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Increasing number of Vernon seniors, families, Indigenous homeless

15 families living in motels and that includes 17 children
Homelessness is a growing concern, affecting families, seniors and Indigenous people. (Jennifer Smith - Morning Star)

Among the increasing number of people struggling to make ends meet and ending up living on the streets, are seniors, families and Indigenous people.

B.C. Housing’s 2023 Vernon homeless count revealed a nearly 25 per cent increase from 2021.

The point-in-time count on April 27-28 found 279 people were living rough. That’s up from 224.

“Every community saw an increase in their numbers, sometimes doubling their numbers,” said Annette Sharkey, executive director of the Social Planning Council of the North Okanagan.

And that number is only those who are found, and those who agree to take the survey.

“They have the choice to take part in the survey or not, even though we physically see them, we don’t count them unless they take part in the survey,” explains Sharkey.

Calling the numbers “bleak,” Coun. Kari Gares adds: “They are probably much higher than what we’ve had to grasp in this point of time.”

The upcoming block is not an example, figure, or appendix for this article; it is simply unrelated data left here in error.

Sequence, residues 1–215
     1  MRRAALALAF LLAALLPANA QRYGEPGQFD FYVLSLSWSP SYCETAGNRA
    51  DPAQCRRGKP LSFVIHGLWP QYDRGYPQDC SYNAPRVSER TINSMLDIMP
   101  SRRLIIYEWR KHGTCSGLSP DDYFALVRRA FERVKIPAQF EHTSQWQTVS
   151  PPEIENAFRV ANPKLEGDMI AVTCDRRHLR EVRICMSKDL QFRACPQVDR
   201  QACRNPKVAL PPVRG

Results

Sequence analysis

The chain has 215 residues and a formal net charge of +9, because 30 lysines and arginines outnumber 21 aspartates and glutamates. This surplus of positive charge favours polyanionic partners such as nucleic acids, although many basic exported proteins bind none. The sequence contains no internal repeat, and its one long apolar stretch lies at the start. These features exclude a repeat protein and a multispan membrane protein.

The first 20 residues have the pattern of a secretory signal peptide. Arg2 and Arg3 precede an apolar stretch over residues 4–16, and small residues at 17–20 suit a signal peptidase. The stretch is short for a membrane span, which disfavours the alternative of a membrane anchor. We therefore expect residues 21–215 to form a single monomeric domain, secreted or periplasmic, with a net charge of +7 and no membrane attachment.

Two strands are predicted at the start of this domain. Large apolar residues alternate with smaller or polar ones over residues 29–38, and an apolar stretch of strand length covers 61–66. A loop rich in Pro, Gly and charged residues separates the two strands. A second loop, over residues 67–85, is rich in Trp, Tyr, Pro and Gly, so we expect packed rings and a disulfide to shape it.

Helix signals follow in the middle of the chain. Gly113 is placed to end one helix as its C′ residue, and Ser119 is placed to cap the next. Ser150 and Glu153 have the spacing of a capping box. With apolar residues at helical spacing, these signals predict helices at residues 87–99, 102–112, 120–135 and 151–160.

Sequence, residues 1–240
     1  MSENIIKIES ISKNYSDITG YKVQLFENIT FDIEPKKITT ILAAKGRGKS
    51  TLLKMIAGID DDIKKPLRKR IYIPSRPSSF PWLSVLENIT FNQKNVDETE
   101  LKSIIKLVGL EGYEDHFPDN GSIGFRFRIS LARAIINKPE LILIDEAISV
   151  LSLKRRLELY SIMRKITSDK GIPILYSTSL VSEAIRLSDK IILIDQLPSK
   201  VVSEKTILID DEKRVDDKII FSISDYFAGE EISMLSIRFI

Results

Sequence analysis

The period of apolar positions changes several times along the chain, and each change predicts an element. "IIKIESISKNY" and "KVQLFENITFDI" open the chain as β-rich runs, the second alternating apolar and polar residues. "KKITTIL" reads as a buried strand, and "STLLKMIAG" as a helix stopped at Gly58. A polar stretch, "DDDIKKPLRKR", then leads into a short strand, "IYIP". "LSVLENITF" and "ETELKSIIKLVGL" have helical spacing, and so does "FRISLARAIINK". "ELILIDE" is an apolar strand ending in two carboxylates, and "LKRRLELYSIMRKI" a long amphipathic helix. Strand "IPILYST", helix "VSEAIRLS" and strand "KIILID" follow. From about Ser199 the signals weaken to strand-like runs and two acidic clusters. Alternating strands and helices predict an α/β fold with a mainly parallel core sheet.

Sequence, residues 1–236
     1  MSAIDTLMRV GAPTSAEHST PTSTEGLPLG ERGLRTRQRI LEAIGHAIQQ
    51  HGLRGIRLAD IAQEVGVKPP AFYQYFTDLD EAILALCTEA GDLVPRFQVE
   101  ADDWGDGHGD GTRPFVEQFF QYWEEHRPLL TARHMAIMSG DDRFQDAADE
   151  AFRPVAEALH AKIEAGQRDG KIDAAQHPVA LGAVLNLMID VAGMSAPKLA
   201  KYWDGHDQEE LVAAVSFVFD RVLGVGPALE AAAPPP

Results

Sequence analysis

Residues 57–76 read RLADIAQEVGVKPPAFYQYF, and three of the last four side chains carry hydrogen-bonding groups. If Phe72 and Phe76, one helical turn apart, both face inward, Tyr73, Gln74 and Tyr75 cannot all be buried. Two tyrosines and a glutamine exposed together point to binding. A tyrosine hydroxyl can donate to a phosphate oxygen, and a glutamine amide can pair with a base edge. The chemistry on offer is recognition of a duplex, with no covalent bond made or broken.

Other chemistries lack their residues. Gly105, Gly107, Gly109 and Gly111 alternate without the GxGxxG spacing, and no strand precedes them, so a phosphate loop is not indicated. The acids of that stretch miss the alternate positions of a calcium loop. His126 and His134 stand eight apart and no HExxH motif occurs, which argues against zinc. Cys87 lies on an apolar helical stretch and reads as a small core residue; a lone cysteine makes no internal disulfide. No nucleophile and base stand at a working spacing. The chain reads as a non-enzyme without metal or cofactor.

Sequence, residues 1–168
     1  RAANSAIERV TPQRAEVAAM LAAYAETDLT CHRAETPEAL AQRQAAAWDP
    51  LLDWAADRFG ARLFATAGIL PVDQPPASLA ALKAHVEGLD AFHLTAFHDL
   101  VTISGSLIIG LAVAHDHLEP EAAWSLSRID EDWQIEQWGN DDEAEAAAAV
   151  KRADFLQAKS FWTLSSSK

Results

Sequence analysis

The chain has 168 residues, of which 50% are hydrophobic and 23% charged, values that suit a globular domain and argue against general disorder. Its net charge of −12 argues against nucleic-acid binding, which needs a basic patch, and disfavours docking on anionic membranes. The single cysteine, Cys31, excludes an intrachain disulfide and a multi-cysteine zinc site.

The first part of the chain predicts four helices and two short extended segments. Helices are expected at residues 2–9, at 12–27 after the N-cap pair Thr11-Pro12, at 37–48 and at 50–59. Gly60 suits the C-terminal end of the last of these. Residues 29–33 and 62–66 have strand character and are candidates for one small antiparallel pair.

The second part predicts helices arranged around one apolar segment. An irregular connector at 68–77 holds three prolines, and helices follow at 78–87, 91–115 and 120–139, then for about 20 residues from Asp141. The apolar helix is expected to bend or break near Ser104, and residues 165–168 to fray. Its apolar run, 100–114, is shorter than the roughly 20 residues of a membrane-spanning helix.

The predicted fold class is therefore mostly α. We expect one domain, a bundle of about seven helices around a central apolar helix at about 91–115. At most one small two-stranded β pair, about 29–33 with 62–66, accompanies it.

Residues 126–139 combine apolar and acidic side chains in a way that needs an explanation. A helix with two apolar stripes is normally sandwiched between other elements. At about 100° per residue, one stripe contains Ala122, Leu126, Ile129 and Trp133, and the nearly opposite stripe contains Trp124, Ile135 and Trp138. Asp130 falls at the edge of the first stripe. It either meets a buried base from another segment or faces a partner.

The count, which includes those living in the shelter and those unsheltered, is seeing more classifications of people.

“There is an increase in the number of seniors and this coincides with what we are hearing,” said Sharkey.

According to Turning Points Collaborative Society statistics, there are 15 families living in motels and that includes 17 children.

“The trend continues currently with more and more families impacted by the housing crisis,” said Sharkey of a lack of affordable rents in the community. “That wasn’t the case even five years ago.”

Meanwhile over 40 per cent of people unhoused in Vernon identified as Indigenous, compared to only seven per cent of the population.

“Eighty per cent reported having lived or generational experience with residential schools,” said Sharkey.

The Social Planning Council operates a Homelessness Crisis Intervention Team which has served 342 clients between October 2022 and July 2023.

The team helped 42 secure supportive housing, 21 secure independent housing and three secure temporary housing.

Another 17 left the community and, sadly, seven died. Sharkey said the deaths are largely due to the toxic drug supply.

While some come and go, Sharkey said the majority have ties to the community.

“Homelessness is a home grown problem and not just a transfer from the larger centres, as often thought.”

Gares thanked Sharkey for her insights and added: “I look forward to the day you are able to bring to us a more positive picture of what is happening.”

READ MORE: ‘I thought it was going to get better, not worse’: Vernon Homeless Memorial

READ MORE: Vernon homeless number increases

Jennifer Smith

About the Author: Jennifer Smith

Vernon has always been my home, and I've been working at The Morning Star since 2004.
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